Title: In Search of a Hero (October 1780)

Author: DoodleScribe

Rating: PG

Disclaimer: The Yankee Doodle Society, Captain Yankee Doodle, and all recognizable fictional characters from the TV series "The Young Rebels" do not belong to me. See the Disclosure on this site for additional information. The characters are borrowed for the purpose of entertaining fans of the show with no intention of copyrighting, publishing beyond this site, or monetary gain. However, the story itself belongs to me and should not be copied, printed or posted elsewhere, or used for any purpose other than reading. This story is fiction. Any apparent relationship to real people (other than historical figures) is unintended and purely coincidental.

Genre: Drama

Summary: After John André's hanging in Tappan, NY, General Lafayette goes on a solo soul-searching mission north much to the distress of his friends including the Yankee Doodle Society.

Authors Note: This is fan fiction based on the 1970 TV series The Young Rebels which is set during the American Revolutionary War. Click on the author's name to send your comments. Comments are welcome, including constructive criticism.

Chapter 1

The young dark haired officer walked away with a quick determined stride from the hanging of John André, heavy hearted and with a growing anger for Benedict Arnold. Detained at the site of the hanging all afternoon by other officers and citizens who wanted to talk about Arnold's treason, he did not want to talk about it anymore. It was all he could do not to break into a run. After several days sitting as a judge in André's trial, he had heard about as much as he could stand. He made his way back to the inn in the small quaint town of Tappan, New York. As he walked in the door, there was a crowd of people in the tavern that stood up and started asking questions, "Sir, has Arnold been captured? What is Washington going to do now that his plans are in British hands?"

The young officer tried to be patient as he made his way to the stairs that led to the rooms above. He climbed a couple of steps and turned. His tried to look apologetically at the crowd. They quieted waiting for him to speak. In a soft refined French accent he said, "Please my friends, I can not answer your questions. I am sorry. You know as much as I do at this point."

He looked into the disappointed faces of the people; many looked back at him with concern and understanding. One man reached up and slapped him on the back. "Son, we are all thankful you are with us. We know you left your young family to come back to this bloody war when you didn't have to. Don't you worry. That traitor, Benedict Arnold, will be found and hanged. Americans don't forget those who betray them, they hunt them down!"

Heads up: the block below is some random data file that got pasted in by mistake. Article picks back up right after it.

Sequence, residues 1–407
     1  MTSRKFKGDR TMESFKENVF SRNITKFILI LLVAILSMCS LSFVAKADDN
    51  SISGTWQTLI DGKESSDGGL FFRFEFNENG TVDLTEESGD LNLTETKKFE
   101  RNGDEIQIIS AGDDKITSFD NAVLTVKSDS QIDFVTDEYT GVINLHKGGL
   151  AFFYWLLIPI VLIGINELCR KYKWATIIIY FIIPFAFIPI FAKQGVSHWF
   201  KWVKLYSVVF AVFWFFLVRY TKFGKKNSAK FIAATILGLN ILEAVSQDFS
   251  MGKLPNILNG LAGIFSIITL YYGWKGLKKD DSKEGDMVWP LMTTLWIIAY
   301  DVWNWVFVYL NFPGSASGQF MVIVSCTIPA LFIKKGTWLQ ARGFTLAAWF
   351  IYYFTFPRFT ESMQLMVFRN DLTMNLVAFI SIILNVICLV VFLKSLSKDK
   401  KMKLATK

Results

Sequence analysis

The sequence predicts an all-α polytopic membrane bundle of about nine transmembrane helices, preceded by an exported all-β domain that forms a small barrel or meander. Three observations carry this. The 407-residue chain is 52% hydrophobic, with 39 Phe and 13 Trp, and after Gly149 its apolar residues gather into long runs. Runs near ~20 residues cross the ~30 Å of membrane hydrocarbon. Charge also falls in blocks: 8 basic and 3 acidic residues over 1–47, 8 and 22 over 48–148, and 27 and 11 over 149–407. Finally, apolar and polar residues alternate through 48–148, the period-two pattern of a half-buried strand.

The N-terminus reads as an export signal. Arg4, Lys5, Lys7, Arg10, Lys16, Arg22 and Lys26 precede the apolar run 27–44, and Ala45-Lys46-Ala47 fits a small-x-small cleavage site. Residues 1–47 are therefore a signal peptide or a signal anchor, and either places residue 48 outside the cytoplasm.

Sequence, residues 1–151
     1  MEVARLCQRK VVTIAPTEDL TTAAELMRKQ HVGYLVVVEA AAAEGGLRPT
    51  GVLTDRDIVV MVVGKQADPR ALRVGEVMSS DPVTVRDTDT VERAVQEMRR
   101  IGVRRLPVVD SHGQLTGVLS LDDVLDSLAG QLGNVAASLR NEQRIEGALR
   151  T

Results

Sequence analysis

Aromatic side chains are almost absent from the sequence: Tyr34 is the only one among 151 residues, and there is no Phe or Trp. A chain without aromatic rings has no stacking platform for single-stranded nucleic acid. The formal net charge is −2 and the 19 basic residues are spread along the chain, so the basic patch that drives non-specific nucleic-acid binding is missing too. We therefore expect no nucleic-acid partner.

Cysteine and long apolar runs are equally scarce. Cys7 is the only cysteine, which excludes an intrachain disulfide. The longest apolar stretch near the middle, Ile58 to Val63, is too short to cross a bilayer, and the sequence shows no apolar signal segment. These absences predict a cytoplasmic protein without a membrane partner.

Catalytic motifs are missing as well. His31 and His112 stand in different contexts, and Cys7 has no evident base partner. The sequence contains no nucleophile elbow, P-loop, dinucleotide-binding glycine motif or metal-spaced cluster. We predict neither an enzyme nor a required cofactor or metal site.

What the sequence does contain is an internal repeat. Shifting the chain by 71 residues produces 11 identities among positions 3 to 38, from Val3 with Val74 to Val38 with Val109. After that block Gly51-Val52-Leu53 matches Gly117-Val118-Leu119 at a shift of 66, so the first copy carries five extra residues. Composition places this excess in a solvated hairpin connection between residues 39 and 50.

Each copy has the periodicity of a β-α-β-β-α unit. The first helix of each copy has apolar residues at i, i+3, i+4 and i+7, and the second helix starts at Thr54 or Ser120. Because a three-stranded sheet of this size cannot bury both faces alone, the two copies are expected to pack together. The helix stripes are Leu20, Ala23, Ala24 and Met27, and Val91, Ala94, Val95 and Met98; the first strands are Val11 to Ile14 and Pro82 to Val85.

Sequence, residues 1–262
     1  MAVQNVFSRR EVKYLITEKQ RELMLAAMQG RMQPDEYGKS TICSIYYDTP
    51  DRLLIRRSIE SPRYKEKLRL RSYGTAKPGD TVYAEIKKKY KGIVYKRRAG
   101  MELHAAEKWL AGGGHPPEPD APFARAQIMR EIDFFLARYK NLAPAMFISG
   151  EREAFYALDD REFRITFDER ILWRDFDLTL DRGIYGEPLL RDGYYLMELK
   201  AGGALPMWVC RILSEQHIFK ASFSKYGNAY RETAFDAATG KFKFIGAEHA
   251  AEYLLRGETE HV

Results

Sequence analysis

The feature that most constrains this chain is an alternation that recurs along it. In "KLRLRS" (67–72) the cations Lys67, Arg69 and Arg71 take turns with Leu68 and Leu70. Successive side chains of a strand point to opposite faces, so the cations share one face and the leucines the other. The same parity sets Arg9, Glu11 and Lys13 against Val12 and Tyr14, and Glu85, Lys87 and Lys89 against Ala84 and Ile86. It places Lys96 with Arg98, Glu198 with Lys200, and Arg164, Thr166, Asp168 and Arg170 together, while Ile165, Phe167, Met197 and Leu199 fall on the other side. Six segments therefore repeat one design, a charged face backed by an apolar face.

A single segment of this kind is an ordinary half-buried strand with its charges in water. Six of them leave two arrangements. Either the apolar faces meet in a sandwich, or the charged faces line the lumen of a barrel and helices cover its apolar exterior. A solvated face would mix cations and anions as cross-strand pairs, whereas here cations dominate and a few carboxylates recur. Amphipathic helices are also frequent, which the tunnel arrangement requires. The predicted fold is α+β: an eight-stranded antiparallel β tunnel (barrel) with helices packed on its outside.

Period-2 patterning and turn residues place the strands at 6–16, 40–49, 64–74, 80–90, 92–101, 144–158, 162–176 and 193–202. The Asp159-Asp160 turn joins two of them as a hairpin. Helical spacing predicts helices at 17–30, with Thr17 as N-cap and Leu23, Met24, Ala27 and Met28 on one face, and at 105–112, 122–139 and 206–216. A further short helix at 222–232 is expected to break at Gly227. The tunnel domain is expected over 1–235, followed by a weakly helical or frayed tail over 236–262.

The other people cheered. "Hooray! Lafayette! Our Marquis!"

Lafayette smiled at the man whose words were obviously heart-felt. It seemed like, at times, the whole population of the country had adopted him as he had so eagerly adopted them. Suddenly he felt terribly homesick. He excused himself and hurried up the stairs lest the stoic Americans see his French tears. When he got to his room, two of his aides were waiting for him. They immediately knew something was wrong. He could not hide his emotions from them.

"Mon Zhen-ay-RAL, what's dee mat-TARE?" Colonel Gimat said in broken English. The young French aide had been with Lafayette since he first came to America and had returned with him on his second trip.

Lafayette smiled at the sound of the heavy French accent, which matched his own when he first came to this country. "Nothing, Joseph. Please go find me some civilian clothes."

"Certainment." Gimat hurried out of the room to obey his commander's wish.

Lieutenant Grayson, a red-haired blue-eyed man, sat on the bed. His stern face gave away the direction of his thoughts. "General, are you planning an excursion out of town?"

The general did not want to lie, but he had to get out of Tappan, out of his role as Major General Lafayette, and he knew his aides would do everything to stop him if he told them his true plans. "Yes, John, I am meeting a friend. It is not dangerous, but I do not want to take any chances since we found one British agent behind our lines there may be more."

"It's not the British agents but the Cow Boys I'm worried about."

"There is no need to worry. The Cow Boys and Skinners are between the lines. I am not going anywhere near the frontline."

"What should I tell General Washington who is expecting you for supper at the Hadley's home?"

Lafayette had forgotten. Without looking at the lieutenant, he said, "Just tell him something came up. I will see him tomorrow."

The lieutenant clearly was not buying his general's cover. "I should probably not let you do this, sir, as head of your life guard. I can see that you are not yourself—"